On the eve of UK’s third hearing, Doe filed suit in United States District Court for the Eastern District of Kentucky. Doe asserted violations of his constitutional due process and equal protection rights as a student at a public university. Doe moved immediately for a temporary restraining order to stop the impending hearing. UK agreed to postpone the hearing and the district court denied Doe’s temporary restraining order motion as moot. The case continued with the consideration of Doe’s request for a preliminary injunction. In opposition, UK asserted that it agreed to new procedures to correct any due process concerns that arose during the first two hearings. Also, UK argued that the district court should not interfere with a pending disciplinary process and should abstain under the Younger-doctrine. The district court agreed that abstention was appropriate, and Doe filed an appeal to the Sixth Circuit.
At the outset, the Sixth Circuit addressed the applicability of the Younger-doctrine, which arose initially from “a desire to prevent federal courts from interfering with functions of state criminal proceedings.” The Supreme Court has expanded the doctrine beyond a case involving a criminal proceeding. Specifically, a federal court may abstain from hearing a constitutional challenge to an ongoing state enforcement proceeding that is “akin to a criminal prosecution.”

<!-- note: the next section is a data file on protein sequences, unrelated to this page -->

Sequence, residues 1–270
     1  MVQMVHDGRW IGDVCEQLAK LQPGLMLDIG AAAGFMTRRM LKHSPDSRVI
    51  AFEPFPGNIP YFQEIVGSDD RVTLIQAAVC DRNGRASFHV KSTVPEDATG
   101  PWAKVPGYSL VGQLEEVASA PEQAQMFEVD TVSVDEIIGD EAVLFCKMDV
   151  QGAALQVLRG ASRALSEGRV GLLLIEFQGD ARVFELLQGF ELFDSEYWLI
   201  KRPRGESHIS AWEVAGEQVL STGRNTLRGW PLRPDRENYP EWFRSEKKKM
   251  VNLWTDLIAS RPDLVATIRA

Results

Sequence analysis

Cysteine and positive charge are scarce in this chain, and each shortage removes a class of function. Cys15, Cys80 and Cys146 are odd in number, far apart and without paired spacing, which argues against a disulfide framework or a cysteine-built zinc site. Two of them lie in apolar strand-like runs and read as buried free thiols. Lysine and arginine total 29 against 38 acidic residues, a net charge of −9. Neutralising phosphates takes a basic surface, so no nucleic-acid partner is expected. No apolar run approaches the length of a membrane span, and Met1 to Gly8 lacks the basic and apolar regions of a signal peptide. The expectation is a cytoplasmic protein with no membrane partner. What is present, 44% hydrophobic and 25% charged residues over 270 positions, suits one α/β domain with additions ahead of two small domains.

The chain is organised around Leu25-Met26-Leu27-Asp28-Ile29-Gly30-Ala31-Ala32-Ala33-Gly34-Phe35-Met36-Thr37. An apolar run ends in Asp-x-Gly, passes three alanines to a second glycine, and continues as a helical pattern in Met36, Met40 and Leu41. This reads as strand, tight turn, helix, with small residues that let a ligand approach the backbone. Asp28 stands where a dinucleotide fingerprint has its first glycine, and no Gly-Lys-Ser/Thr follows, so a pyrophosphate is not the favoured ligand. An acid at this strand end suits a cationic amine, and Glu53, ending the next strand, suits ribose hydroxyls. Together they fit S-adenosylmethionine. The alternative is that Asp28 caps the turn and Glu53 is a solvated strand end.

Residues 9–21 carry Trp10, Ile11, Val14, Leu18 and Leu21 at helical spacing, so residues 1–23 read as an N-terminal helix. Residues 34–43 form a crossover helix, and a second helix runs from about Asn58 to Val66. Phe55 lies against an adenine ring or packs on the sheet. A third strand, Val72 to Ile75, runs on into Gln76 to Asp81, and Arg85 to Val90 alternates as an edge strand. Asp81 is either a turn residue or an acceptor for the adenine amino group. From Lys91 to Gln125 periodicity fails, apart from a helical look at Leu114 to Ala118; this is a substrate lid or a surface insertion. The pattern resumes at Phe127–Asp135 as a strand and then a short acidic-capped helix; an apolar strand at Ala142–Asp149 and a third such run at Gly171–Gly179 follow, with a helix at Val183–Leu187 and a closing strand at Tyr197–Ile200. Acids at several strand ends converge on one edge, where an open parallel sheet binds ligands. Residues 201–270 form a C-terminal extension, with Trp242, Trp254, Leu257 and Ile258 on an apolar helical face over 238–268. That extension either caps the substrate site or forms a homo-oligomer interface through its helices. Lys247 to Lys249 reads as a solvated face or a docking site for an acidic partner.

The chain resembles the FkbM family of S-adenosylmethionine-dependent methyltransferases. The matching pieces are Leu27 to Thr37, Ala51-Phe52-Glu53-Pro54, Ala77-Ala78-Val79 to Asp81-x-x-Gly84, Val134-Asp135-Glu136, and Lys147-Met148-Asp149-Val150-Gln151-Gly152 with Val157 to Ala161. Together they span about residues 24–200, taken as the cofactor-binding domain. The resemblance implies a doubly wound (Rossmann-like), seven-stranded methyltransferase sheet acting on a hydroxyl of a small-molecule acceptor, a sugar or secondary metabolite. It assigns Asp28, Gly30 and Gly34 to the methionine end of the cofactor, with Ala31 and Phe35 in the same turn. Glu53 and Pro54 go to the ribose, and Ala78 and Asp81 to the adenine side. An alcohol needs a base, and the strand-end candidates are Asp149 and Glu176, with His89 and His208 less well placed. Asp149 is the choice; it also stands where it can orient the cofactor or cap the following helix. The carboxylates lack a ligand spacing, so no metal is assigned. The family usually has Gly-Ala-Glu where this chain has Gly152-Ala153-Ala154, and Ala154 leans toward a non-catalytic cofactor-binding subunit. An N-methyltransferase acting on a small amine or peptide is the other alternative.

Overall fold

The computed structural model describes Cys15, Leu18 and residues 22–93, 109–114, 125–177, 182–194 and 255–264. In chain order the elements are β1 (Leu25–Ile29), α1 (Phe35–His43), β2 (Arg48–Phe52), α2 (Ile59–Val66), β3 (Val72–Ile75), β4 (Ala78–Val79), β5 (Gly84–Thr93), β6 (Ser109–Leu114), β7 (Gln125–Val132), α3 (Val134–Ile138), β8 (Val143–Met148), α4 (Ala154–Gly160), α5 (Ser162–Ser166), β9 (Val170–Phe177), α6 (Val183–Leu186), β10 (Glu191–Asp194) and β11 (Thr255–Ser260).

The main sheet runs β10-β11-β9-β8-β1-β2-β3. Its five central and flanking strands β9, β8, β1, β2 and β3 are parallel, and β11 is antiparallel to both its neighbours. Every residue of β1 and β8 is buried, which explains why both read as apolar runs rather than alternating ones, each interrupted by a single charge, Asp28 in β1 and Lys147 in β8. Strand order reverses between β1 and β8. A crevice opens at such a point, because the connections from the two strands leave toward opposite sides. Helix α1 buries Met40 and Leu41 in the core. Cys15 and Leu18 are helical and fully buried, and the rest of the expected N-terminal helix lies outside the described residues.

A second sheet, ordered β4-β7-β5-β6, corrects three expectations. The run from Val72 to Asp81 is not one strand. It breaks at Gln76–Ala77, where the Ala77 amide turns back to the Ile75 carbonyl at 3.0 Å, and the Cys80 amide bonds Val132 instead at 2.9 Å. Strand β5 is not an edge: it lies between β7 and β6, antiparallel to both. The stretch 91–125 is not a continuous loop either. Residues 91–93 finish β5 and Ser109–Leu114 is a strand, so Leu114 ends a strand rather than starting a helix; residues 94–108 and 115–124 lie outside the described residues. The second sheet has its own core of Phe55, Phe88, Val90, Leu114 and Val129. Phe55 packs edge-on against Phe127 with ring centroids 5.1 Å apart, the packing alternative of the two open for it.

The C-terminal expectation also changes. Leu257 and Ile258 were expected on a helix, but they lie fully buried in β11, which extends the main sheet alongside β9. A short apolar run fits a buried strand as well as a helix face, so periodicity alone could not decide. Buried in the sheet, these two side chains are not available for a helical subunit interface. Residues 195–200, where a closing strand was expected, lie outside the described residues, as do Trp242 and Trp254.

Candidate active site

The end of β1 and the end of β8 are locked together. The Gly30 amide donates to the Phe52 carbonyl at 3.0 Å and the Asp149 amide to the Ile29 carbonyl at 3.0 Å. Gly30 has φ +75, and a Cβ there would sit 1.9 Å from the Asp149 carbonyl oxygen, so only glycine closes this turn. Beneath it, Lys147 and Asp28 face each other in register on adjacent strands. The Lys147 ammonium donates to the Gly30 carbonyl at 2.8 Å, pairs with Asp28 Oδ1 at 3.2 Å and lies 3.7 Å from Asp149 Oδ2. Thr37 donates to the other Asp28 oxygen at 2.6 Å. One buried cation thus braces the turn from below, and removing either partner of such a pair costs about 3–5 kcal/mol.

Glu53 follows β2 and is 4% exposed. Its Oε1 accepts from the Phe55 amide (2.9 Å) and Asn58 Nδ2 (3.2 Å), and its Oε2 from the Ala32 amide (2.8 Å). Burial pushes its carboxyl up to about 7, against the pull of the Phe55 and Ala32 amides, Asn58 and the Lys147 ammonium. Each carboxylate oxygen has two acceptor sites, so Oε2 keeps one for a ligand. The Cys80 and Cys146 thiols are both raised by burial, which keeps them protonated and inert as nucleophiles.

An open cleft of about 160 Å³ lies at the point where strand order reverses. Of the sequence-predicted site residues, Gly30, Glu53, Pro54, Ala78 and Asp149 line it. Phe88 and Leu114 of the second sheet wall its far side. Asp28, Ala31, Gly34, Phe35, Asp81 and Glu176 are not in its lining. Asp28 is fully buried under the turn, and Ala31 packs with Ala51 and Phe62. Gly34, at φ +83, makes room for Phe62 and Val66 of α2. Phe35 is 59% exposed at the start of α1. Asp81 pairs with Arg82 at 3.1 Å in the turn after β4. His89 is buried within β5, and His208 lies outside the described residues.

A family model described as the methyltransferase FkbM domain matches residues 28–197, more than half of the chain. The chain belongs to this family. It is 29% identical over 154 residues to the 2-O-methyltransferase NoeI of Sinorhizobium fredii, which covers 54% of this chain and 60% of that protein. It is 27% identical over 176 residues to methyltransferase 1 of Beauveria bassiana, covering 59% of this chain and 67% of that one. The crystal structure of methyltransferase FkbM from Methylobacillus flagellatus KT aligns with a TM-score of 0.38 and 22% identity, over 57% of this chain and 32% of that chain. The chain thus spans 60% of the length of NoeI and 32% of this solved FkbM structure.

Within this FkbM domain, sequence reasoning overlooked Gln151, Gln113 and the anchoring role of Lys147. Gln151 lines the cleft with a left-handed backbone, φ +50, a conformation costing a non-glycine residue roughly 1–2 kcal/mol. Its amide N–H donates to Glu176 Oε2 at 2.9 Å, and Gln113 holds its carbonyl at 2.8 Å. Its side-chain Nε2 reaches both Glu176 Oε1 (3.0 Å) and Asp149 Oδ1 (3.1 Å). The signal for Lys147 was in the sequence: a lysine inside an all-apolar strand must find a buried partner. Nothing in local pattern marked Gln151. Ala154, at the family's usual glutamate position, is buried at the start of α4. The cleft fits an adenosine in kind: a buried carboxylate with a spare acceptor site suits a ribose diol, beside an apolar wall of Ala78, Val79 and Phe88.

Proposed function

Accordingly, the threshold question for the Sixth Circuit was whether UK’s disciplinary hearing is “akin to a criminal prosecution.” The court concluded that, “while the proceeding may lack all the formalities found in a trial, it contains enough protections and similarities to qualify as ‘akin to a criminal prosecution’ for purposes of Younger abstention.” The Sixth Circuit reasoned that UK, a public university and state actor, initiated the disciplinary proceeding to determine whether Doe should be sanctioned, which could result in severe and lasting consequences including expulsion from UK and future career implications. The case against Doe involved the filing of a complaint, an investigation, notice of the charge and the opportunity to introduce witnesses and evidence. While UK’s process does not include the right to have legal counsel cross-examine witnesses or issue subpoenas like a criminal prosecution, the Sixth Circuit has recognized that school disciplinary proceedings require some level of due process. As a whole, UK’s disciplinary process in a sexual misconduct matter is “akin to a criminal prosecution” under the abstention analysis.